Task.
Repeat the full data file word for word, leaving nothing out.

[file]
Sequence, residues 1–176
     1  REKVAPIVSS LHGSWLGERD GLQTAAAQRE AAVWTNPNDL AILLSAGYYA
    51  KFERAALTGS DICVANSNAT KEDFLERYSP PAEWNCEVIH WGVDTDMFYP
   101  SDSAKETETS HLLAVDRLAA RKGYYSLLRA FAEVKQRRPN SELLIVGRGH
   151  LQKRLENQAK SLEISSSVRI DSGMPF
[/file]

Sequence, residues 1–176
     1  REKVAPIVSS LHGSWLGERD GLQTAAAQRE AAVWTNPNDL AILLSAGYYA
    51  KFERAALTGS DICVANSNAT KEDFLERYSP PAEWNCEVIH WGVDTDMFYP
   101  SDSAKETETS HLLAVDRLAA RKGYYSLLRA FAEVKQRRPN SELLIVGRGH
   151  LQKRLENQAK SLEISSSVRI DSGMPF